Joe Sharpe – Head of Content at Installer – looks at why installers are preparing for the upcoming changes to the Building Regulations
New changes to the Building Regulations come into effect on 15 June 2022. Part L (Conservation of fuel and power), Part F (Ventilation) and Part O (Setting Standards for overheating in new residential buildings) will see the biggest set of updates in over a decade.
Our www.installeronline.co.uk website and the InstallerDAILY and InstallerWEEKLY newsletters are seeing a lot of interest from engineers looking for content about these changes. We know through our research that 69% of our readers want to access information about regulations and legislation, and these latest updates will affect how installers work both now, and in the near future.
Some of the key points for heating, plumbing and renewables professionals are:
- Heating systems for new builds will have to be designed with a maximum flow temperature of 55°C or lower, which favours low-temperature heating systems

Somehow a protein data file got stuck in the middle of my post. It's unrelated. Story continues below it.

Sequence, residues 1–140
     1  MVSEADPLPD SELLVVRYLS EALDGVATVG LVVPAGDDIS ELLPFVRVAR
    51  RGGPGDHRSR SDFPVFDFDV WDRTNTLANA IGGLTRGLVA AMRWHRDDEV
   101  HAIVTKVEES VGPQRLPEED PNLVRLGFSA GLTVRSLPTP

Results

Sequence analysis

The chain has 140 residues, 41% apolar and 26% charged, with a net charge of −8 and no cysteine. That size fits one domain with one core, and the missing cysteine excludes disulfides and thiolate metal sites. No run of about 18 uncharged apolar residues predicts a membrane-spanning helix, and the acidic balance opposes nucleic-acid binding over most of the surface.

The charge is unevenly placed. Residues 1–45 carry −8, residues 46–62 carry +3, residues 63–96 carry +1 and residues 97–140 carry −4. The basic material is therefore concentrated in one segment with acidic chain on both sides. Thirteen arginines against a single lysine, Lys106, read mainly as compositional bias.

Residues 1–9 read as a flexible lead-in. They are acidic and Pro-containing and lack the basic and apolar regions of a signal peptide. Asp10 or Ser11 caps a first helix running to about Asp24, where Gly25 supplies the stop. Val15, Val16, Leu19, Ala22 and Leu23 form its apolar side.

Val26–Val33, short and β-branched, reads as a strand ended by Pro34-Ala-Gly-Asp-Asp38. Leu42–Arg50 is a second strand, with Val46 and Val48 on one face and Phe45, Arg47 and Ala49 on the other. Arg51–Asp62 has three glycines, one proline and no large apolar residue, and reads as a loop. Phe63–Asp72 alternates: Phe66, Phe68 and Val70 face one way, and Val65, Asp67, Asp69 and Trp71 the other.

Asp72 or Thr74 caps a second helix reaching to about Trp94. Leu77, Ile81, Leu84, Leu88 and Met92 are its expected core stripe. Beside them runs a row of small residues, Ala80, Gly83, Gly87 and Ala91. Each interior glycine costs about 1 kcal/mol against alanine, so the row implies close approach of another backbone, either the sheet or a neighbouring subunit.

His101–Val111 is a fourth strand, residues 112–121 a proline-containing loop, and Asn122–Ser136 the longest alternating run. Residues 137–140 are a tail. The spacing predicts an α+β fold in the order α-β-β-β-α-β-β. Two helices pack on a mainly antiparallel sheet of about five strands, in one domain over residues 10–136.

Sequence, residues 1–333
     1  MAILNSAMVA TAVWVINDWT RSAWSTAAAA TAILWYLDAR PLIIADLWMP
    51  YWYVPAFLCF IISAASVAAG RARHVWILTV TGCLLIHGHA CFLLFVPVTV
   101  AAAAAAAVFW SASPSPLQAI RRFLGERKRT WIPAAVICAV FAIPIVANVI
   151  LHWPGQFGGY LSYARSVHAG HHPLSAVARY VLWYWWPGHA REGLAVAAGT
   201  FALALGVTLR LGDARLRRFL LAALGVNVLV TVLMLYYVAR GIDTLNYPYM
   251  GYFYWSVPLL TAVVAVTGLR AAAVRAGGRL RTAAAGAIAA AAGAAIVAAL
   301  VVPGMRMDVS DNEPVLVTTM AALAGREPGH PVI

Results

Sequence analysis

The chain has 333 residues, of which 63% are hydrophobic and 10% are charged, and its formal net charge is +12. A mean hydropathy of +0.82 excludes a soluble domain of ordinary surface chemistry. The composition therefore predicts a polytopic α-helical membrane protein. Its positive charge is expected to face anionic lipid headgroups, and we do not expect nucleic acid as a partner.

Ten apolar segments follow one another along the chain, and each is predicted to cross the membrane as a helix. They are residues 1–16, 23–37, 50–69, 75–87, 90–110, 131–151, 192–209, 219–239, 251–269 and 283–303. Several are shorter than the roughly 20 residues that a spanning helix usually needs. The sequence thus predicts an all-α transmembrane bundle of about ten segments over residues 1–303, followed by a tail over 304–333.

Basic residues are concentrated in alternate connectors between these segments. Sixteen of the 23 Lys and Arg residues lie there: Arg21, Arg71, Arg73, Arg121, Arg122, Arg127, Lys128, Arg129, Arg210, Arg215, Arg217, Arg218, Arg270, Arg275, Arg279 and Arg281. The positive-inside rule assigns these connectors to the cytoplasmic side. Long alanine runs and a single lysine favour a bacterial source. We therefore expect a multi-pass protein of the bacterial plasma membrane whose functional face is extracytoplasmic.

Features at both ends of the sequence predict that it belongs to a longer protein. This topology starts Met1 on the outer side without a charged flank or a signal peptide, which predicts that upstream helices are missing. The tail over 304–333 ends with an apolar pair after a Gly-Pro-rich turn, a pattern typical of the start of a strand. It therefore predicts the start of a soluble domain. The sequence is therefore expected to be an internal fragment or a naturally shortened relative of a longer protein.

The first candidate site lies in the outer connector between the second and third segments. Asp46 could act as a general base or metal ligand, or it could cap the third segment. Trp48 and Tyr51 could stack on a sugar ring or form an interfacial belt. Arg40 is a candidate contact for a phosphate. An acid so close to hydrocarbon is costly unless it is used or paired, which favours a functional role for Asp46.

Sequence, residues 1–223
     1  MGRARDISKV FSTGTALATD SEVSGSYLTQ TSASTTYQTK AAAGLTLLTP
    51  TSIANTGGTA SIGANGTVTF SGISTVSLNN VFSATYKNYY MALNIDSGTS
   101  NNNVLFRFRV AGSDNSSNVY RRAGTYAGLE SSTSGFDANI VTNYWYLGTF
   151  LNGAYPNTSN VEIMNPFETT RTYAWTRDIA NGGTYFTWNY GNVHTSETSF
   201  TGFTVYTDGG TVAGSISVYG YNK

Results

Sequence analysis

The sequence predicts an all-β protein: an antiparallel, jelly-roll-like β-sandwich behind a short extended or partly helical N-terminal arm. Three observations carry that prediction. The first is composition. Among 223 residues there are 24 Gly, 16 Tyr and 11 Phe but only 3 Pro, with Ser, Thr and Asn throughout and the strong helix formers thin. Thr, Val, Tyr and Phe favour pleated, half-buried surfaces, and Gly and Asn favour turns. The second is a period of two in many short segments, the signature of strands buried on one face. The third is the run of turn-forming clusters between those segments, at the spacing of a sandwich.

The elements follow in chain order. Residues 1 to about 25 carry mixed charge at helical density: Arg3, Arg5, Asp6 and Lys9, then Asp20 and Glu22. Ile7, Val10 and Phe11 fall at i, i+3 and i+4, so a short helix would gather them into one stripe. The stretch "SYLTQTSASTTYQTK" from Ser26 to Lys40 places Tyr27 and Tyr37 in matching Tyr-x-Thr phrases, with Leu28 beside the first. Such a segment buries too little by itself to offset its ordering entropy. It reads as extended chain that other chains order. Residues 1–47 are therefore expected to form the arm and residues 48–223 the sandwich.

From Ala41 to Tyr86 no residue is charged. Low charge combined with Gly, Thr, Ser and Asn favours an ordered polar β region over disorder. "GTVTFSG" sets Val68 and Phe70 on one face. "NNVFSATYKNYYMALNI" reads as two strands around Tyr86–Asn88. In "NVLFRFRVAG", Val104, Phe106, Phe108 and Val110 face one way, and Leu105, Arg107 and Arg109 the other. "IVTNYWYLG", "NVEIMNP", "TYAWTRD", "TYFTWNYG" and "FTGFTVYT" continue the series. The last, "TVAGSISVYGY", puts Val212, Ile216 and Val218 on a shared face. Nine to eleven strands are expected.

- All oil heating installations will need a room-by-room heat loss calculation carried out as part of the initial site survey
- When working on, preparing or commissioning a heating system – NEW OR EXISTING – the heating system water needs to be treated as per BS7593:2019
- Where technically feasible, Part L 2022 will mandate the installation of heating controls such as TRVs.
Installing TRVs, carrying out heat loss calculations, and concentrating on water treatment are proven methods to improve the efficiency of heating systems, so it’s good to see these becoming seven more of a key focus.
The shift to maximum flow temperatures of 55°C is also a big step toward renewables. Whatever the heat source, this will start to educate consumers and installers about the benefits of low temperature heating, which will make the eventual transition to heat pumps easier.
These are positive changes as the race to Net Zero heats up, however, some have argued that they don’t go far enough. With legally-binding carbon targets to hit, a lot of change is coming, especially when it comes to heating our buildings. Engineers will be key to this process and at Installer we are committed to providing them with all the information they need to stay on top of their game.
If you would like to contribute editorially about the hottest topics in the industry today, please contact Joe Sharpe at email@example.com
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